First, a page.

Nomonde Qoto gave an account of Ntsiki’s contribution in the MUCFL saying Ntsiki was never challenged by her physical disability. She served the MU with a vision, becoming the diocesan minute secretary and also represented the diocese at the MU Provincial Conference. She always had consecutive ideas and would motivate members towards the development of the MU which has a trophy contributed by Ntsiki to motivate attendance at MU Conferences. The St Matthew’s MUCFL regards Ntisiki as ‘A woman of strength’ who is an inspiration to all.
Nontsikelelo Komani, the keynote speaker, stressed that God only calls one person to lead his people, just as he did when he called Moses to lead the Israelites out of Egypt. According to Nontsikilelo, the church today is being challenged by some members in congregations who make it difficult for the priest to play the leading role. She welcomed Ntsiki into the ‘world of female priests’, wished her well and encouraged her to listen to God’s commands.
Pic: Welcome to our world - Nontsikelelo Komani, welcomes Ntsiki Memese into the ‘world of female priests’ at St Matthew’s, KwaMagxaki, watched by the rector, Zandisile Nongauza and Nosimo Mlonzi.
Rodney Koen testified to the power of the Holy Spirit enabling him to speak out in the small group discussion time. He said, “I thought of being quiet, but could not. I spoke up and shared my view, and I strongly believe it was the power of the Holy Spirit empowering me to speak. I spoke with confidence and a feeling of authority. During the six week course I felt a sense of excitement within because I realised what our mission for God is.”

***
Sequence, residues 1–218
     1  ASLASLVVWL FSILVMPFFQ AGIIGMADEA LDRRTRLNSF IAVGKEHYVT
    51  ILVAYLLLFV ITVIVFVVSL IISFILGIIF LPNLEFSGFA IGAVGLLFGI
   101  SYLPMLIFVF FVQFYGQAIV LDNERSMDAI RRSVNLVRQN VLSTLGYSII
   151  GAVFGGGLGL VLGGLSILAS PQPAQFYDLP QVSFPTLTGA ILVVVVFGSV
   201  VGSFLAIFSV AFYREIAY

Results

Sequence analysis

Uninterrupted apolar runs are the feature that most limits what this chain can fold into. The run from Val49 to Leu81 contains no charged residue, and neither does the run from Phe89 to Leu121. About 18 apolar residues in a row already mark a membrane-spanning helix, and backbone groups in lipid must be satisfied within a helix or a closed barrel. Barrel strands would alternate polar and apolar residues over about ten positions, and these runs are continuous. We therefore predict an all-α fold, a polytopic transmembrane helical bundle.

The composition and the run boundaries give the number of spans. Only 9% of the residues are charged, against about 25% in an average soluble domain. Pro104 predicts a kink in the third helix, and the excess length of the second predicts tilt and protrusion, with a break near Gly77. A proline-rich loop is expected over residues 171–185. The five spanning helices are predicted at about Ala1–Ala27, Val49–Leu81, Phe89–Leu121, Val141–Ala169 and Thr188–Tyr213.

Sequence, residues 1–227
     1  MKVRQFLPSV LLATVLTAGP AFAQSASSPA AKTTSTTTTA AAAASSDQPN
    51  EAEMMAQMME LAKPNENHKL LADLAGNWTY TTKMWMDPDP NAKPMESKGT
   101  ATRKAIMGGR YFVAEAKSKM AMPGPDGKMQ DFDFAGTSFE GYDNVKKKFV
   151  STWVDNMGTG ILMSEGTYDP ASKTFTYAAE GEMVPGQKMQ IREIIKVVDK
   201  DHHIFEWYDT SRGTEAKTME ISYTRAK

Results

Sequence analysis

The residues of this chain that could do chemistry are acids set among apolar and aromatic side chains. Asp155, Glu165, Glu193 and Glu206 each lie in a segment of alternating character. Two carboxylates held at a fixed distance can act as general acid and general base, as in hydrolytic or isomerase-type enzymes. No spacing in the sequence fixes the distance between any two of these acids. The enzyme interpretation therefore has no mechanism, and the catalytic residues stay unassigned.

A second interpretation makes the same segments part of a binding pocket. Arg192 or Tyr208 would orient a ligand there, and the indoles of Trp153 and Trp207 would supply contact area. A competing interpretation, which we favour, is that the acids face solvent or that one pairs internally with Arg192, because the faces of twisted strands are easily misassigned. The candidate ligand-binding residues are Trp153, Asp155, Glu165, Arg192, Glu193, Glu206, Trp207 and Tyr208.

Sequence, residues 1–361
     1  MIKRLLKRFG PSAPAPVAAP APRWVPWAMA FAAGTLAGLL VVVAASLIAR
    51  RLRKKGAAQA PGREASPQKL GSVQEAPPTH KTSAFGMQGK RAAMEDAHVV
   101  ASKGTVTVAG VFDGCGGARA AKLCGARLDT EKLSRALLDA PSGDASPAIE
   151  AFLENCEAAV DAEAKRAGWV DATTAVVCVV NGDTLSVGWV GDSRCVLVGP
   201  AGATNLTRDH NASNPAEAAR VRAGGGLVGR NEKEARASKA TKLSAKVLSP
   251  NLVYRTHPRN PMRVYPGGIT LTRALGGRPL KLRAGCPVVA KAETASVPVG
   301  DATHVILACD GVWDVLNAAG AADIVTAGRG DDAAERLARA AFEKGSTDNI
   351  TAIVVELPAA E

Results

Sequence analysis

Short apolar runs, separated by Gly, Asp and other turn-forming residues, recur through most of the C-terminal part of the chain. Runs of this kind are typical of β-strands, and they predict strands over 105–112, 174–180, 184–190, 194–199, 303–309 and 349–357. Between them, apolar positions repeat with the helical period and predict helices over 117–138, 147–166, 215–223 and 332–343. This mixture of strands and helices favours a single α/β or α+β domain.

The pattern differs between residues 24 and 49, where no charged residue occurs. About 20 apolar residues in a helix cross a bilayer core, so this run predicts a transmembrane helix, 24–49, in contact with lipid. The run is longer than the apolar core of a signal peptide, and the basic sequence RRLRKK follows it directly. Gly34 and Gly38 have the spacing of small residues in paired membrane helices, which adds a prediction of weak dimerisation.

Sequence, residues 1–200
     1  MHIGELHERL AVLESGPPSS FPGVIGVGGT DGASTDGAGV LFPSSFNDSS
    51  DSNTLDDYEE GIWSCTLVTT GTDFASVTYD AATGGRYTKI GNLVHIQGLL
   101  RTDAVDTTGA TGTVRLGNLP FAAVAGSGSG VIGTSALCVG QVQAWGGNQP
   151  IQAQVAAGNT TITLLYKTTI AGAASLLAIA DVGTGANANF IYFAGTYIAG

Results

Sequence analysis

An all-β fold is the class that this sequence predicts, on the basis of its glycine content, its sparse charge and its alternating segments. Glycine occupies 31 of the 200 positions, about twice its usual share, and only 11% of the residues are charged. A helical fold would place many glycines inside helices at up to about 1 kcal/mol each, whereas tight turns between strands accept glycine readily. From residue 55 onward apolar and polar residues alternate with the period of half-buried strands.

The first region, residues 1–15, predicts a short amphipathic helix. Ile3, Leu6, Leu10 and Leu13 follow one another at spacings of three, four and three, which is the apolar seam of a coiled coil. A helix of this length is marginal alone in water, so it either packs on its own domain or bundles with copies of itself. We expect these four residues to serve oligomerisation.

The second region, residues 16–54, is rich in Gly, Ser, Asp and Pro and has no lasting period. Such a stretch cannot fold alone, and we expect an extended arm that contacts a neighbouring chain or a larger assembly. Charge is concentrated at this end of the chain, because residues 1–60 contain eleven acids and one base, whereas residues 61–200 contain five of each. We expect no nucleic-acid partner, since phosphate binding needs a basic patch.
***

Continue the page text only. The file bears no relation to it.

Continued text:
Rodney and Caroline Gibson said, “It was most enlightening and beneficial. We felt that we had grown spiritually and learnt to know fellow parishioners more intimately. A surprising thing was that people, who before were shy to voice their opinions, learnt through the small discussion groups not only to voice their ideas, but the depth of their spiritual commitment was brought to the fore. We saw people blossom as a result. We never expected such enthusiasm as we found among our little group and were heartened that Jesus is truly adored by our parishioners and there is a lot of hope for us to grow as people of God and future ‘fishers of men’ in his name and to his glory.”
Each Wednesday evening was quite challenging in terms of the topics on hand. Attendances at the study varied between 20 and 30 per week. I firmly believe that those who attended were blessed through this experience, and especially at the challenge on mission as written in Matt 28:19, “Therefore, go and make disciples of all nations, baptizing them in the name of the Father and of the Son and of the Holy Spirit.” The challenge is evident by the experience of those who attended, and we thank God for working in their lives, by the testimonies given above.
Bishop Bethlehem conducted the service, which was very
joyous, drawing all present into an awareness of our responsibility to
each other under the guidance of our rector, and our need to support
him. We felt blessed that his family were present to support him as we
became his new family. Our good wishes and love go with him in his time